Who registers the copyright for my book?
If you are being published by a traditional book publisher, your publisher takes care of registering your copyright. If you are an indie author, you should consult your specific DIY publishing service to make sure that copyright registration for you is part of their service (and you should make sure your agreement with them gives you copyright).
Okay, so I have copyright of my book. Where does that leave my publisher?
As the copyright holder, you assign certain rights to your book publisher and, in return, are given a percentage of the proceeds of the books sales. These assignments of rights and fees are spelled out very specifically in your book contract and — because they dictate how you are paid for your work — you should be familiar with and understand the clauses.
So, are U.S. copyright laws set in stone?
Good question. Like many legal protections we’ve taken for granted, they are subject to attack and change by those who would most benefit (hint: not authors). And there are movements afoot to take a fresh look at what some consider antiquated laws that now benefit large corporations vs. the creators. Take heart that organizations which protect creators, such as the Author’s Guild, work diligently to protect fight for laws to protect copyright.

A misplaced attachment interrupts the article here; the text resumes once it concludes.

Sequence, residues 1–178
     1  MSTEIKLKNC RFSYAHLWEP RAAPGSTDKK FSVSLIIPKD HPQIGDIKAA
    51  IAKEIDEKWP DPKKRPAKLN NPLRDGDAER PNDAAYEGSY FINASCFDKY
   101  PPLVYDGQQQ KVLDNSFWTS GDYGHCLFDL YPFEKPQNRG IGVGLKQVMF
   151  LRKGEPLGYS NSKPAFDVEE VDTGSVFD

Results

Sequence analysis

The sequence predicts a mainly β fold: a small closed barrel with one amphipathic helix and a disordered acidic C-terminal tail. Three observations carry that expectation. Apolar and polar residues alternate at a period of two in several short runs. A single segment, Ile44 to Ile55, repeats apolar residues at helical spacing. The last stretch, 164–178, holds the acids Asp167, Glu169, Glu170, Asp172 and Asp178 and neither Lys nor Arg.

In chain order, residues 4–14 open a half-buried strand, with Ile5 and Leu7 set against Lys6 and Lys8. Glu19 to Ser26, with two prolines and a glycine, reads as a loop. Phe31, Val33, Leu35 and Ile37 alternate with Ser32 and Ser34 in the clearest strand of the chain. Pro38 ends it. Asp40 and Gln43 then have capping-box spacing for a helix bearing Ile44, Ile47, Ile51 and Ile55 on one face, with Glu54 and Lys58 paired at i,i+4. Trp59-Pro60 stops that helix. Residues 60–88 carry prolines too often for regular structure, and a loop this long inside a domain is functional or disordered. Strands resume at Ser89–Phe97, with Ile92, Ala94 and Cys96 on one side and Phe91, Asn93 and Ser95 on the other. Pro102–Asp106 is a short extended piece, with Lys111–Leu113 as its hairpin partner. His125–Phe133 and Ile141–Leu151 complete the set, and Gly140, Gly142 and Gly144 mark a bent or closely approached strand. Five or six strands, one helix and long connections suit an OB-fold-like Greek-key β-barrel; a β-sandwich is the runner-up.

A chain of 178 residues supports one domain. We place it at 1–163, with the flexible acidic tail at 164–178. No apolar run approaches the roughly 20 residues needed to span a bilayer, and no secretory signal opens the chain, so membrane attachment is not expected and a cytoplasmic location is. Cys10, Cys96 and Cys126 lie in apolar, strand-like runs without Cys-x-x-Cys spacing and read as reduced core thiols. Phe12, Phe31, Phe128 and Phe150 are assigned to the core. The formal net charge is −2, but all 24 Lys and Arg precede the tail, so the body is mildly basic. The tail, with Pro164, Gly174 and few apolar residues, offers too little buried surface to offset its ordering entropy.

Especially if you’re a writer or creator, for the sake of your own Art Karma, do your part to respect the intellectual property rights of others. Every time you buy a bootleg copy of something that’s available by legitimate means or use another creator’s work outside of “fair use” or without appropriate permissions, credit and/or payments, you help damage all writers and artists’ ability to make a living.
Notes: I’m a writer with publishing expertise, not a lawyer or an agent; this blog post is not in any way a substitute for legal advice. Before signing a contract and/or to fully understand your own copyright situation, contact a qualified attorney. Also, consider joining the Authors Guild; the AG offers legal services for several thresholds of members, including to those writers who are self-published.